Environmental groups have raised the alarm about the need to protect certain meadow areas that provide critical habitat for the bi-state sage grouse. Residents of neighboring towns are concerned that a drier landscape will increase risk of wildfire. Tourism and recreation groups are worried about impacts to the scenic beauty of the area for travelers along Highway 395. Mono County representatives cite the potential impacts to the local economy, which is almost entirely based in agriculture and tourism.
Many locals also raise concerns about the loss of the cultural heritage of the area, standing behind the multi-generational ranch families as the “traditional stewards of the land.” Representatives from the local Paiute (Nüümü) tribes are quick to point out that the cultural heritage of the area stretches far beyond ranching. For millennia, the Nüümü have stewarded this land they call Payahüünadü, ‘the land of flowing water,’ a vast territory stretching roughly from Mono Lake to Owens Lake. Though the tribes are now confined to small reservations, they demand formal government-to-government consultation with the City of Los Angeles about decisions impacting their ancestral territory. As one Nüümü woman put it, "the plants, the animals, we are their relatives and we need to speak for them.”
Figure 5: Ranchers and tribal representatives discuss the potential impacts to leased lands
LADWP officials argue that, by cutting irrigation, they would be returning the area to its “natural state.” However, stakeholders have been quick to point out the ambiguity and irony of that statement, given LADWP’s decades of surface water diversions and groundwater pumping that have severely impacted natural meadows. Some see the irrigated meadows as a form of mitigation for the native meadows that were inundated under Crowley Lake reservoir. Indigenous activists object to notions of a “natural state” that fail to acknowledge their presence on the land since time immemorial. Long before ranchers began irrigating the valley, the Nüümü were spreading water across the land. But these traditional irrigation practices were displaced, first by settlers and then by LADWP. Today, many Nüümü oppose cutting irrigation to the ranch leases so that water may continue to be spread in Payahüünadü.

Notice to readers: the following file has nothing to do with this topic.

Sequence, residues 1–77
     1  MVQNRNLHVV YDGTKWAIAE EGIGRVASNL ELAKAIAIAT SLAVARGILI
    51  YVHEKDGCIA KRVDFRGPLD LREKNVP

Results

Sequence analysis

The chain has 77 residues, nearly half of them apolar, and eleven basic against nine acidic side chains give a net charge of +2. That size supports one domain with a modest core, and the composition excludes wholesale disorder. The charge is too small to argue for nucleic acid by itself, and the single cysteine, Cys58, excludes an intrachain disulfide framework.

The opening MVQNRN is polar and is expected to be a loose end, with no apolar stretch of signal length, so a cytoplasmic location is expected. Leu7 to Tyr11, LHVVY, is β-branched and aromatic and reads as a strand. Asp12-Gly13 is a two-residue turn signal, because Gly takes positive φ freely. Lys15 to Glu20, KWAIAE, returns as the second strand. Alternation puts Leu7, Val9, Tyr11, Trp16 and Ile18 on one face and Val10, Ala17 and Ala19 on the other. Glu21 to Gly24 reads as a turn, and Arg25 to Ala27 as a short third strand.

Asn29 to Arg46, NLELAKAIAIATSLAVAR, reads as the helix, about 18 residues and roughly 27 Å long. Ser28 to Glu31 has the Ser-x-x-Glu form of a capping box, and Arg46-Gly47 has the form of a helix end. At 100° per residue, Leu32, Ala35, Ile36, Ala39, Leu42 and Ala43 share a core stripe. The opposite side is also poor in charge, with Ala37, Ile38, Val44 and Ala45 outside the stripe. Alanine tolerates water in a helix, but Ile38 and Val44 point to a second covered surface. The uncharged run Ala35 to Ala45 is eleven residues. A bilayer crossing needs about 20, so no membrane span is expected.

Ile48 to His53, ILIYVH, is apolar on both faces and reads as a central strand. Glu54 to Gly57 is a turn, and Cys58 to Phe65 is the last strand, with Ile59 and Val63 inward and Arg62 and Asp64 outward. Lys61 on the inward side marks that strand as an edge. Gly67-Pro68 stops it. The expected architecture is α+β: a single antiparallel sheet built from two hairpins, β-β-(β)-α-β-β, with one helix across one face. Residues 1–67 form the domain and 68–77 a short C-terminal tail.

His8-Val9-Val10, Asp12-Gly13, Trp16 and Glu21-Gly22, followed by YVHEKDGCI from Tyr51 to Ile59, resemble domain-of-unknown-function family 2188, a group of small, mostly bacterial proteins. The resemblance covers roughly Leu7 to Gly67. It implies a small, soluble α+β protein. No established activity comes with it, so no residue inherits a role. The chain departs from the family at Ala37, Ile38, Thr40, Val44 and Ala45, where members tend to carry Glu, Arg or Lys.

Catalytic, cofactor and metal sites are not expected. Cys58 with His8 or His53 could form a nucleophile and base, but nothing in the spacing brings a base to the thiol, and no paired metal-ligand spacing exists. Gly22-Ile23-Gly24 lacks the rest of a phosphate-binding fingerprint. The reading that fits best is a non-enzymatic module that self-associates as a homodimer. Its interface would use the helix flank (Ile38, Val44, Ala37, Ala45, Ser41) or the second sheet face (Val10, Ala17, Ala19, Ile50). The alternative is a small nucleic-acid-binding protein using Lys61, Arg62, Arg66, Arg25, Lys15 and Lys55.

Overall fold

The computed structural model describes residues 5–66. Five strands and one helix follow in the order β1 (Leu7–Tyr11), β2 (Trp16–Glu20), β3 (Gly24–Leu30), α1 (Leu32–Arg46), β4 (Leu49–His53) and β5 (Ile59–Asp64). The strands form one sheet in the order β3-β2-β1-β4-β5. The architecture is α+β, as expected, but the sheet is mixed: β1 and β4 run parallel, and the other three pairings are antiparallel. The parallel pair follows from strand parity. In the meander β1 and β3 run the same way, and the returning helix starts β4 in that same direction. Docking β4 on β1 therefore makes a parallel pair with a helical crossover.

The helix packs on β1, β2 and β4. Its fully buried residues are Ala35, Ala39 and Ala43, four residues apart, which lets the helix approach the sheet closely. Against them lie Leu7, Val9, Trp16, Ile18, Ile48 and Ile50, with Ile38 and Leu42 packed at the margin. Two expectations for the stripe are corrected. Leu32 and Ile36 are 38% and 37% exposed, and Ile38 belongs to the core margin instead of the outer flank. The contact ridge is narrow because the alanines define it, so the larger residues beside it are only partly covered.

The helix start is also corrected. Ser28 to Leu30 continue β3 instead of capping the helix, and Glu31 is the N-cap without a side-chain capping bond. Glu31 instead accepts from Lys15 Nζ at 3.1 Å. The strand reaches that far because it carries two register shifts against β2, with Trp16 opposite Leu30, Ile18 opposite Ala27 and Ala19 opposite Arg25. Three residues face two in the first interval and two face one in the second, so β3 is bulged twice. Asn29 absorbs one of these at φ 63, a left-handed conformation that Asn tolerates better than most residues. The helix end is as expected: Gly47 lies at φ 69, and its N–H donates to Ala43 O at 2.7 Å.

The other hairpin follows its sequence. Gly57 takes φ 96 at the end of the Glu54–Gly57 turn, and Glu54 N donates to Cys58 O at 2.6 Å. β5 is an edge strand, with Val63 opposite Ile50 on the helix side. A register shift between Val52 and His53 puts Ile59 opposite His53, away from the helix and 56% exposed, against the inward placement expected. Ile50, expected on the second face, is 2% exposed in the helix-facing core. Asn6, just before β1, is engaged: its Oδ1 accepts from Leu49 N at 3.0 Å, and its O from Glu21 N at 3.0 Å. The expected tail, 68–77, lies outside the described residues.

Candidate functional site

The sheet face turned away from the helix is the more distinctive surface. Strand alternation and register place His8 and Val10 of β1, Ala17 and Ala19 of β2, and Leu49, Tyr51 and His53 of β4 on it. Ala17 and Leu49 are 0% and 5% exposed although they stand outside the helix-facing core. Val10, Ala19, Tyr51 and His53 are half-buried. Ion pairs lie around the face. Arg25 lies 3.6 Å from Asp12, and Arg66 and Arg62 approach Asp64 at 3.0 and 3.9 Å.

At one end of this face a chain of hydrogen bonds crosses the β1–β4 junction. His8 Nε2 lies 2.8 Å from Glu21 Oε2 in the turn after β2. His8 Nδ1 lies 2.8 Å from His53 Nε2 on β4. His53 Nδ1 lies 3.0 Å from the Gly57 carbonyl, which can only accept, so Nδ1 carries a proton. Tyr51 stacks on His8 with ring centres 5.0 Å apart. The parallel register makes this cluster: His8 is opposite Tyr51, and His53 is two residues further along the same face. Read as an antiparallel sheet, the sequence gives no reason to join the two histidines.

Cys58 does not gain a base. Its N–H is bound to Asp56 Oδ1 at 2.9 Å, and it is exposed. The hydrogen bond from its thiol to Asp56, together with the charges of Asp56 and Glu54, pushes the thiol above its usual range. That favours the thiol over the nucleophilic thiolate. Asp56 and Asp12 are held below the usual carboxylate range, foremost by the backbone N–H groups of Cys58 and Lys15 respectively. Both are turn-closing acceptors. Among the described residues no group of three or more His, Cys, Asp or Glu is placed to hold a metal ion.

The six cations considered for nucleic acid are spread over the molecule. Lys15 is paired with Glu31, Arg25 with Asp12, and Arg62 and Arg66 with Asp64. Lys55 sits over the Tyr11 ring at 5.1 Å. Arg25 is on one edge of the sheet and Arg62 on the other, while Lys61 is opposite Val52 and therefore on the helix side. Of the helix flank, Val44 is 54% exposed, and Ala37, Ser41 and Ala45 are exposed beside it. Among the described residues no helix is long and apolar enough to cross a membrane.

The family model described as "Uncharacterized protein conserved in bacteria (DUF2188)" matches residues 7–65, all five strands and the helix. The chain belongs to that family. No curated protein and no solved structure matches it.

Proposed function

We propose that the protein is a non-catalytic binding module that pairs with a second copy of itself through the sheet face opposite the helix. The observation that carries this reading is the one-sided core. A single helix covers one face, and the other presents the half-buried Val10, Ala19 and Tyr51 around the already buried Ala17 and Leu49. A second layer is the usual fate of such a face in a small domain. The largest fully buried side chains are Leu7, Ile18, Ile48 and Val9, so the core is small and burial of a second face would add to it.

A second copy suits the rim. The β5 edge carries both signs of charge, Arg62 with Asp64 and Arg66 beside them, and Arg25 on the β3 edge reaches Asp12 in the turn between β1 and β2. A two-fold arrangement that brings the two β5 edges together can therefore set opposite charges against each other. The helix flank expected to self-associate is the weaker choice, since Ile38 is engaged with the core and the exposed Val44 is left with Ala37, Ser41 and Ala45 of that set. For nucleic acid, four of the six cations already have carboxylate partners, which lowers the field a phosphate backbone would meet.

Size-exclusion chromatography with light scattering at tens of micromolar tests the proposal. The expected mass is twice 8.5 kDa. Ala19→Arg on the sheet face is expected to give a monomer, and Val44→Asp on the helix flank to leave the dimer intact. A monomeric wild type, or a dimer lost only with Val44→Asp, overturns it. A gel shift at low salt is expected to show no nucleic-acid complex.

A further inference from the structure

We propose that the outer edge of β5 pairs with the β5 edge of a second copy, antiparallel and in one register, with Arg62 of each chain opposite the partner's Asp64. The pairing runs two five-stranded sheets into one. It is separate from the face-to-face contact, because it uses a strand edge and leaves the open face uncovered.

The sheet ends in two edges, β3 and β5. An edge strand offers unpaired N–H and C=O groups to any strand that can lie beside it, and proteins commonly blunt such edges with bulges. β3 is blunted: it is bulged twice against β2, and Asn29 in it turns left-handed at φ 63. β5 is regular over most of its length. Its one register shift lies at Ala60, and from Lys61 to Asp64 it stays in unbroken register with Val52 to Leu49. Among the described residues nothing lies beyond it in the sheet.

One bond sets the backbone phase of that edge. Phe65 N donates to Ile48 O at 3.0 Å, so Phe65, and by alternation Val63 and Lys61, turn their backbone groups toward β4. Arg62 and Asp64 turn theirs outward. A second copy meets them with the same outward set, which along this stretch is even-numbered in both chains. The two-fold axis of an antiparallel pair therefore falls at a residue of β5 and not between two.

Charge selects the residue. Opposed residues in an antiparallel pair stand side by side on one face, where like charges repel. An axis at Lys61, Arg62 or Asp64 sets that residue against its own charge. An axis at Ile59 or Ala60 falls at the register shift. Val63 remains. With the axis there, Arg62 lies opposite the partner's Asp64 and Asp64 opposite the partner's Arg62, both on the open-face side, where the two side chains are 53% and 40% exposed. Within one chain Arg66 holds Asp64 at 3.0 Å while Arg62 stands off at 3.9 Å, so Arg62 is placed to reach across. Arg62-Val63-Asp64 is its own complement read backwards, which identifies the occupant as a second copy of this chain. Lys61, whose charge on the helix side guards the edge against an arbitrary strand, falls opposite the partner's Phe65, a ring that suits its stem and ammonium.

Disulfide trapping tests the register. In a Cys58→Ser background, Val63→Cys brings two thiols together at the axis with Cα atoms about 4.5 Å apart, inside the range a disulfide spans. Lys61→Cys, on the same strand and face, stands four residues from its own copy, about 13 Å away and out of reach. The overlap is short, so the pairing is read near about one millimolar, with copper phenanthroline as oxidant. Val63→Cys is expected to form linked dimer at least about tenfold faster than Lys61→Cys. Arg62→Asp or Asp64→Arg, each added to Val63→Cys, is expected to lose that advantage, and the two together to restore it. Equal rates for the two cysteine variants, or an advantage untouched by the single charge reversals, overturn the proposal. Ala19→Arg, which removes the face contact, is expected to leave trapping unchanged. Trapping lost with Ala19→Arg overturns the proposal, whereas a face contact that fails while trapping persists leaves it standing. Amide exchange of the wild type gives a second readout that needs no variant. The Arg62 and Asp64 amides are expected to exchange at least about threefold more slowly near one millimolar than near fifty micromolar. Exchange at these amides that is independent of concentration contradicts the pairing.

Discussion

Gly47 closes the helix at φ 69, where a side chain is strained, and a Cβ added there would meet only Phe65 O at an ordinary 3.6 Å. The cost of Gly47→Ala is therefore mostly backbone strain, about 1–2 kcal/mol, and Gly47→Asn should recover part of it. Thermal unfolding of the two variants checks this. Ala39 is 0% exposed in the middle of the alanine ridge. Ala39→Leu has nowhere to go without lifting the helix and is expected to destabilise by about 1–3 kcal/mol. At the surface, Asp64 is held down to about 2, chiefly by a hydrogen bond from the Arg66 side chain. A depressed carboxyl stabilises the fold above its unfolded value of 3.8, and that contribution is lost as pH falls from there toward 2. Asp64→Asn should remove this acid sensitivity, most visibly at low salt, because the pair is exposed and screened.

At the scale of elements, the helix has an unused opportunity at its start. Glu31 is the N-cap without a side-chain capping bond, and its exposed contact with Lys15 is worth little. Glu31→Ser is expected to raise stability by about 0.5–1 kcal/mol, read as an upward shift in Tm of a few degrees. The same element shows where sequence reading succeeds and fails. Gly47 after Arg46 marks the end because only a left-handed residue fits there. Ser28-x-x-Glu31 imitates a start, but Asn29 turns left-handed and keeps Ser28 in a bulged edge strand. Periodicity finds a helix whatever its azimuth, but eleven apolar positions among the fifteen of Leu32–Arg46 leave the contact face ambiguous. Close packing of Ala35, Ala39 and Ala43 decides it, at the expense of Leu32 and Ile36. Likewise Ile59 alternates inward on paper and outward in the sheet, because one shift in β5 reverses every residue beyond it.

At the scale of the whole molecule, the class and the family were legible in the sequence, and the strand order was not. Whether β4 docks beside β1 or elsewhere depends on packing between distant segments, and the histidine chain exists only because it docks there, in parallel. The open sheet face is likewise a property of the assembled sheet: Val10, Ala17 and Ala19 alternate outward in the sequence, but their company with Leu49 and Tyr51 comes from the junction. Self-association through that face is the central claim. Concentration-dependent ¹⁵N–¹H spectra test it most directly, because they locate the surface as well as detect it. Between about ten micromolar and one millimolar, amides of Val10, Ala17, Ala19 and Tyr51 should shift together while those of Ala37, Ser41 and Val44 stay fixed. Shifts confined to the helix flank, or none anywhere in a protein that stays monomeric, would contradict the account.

Figure 6: View over Crowley Lake. Green pastureland around its edge is another area now subject to the irrigation cut
Mono County and several environmental groups have now sued LADWP for “dewatering” the ranch leases without first conducting an environmental impact assessment, alleging a violation of the California Environmental Quality Act (CEQA). With that action, nearly every bit of LADWP land in the Eastern Sierra is now subject to some sort of litigation or settlement agreement conditioning the terms of its management. To the north, in the Mono basin, LADWP’s diversions of water were curtailed by a 1983 court decision maintaining the water levels needed to protect Mono Lake ecosystems. To the south, in Inyo County, the terms of the 1991 Inyo-L.A. Long Term Water Agreement require monitoring and mitigation of the impacts of groundwater pumping as well as maintaining irrigation water for ranch leases. At the terminus of the Owens River basin at Owens Lake, dry since the 1920s, LADWP was forced by court order to mitigate dust emissions, costing billions. Similar forms of litigation, mitigation, and monitoring are likely in store for the ranch leases in Mono County.
Figure 7: Sprinkler system used to control dust with shallow flooding and managed vegetation on Owens Lake
Ultimately, these ongoing conflicts in recent decades have demonstrated that the “greatest good” is no longer as simple as “the greatest number.” LADWP now reckons with decades of environmental regulations and with environmental and indigenous movements advocating for the public interest in environmental protection. Now, with climate change pressures, there is increasing emphasis put on the last, and often forgotten, part of the philosophy of “the greatest good of the greatest number in the long term.” As indigenous leaders so often point out, “the long term” can no longer be seen as the next decade or the next 50 years but rather the next seven generations and beyond.
This is the new story of Owens Valley, Payahüünadü, and, in many ways, the West. Far more complex than a ranchers-versus-city battle, it is a story of persistent struggle to reconcile diverse and conflicting interests in water amidst social, political, and environmental change. It is about the delicate balancing act required to meet the needs of the communities at either end of the aqueduct, as well as the needs of the environment, so that all may continue to thrive for many generations to come.
Figure 8: Fall colors along Bishop Creek Canal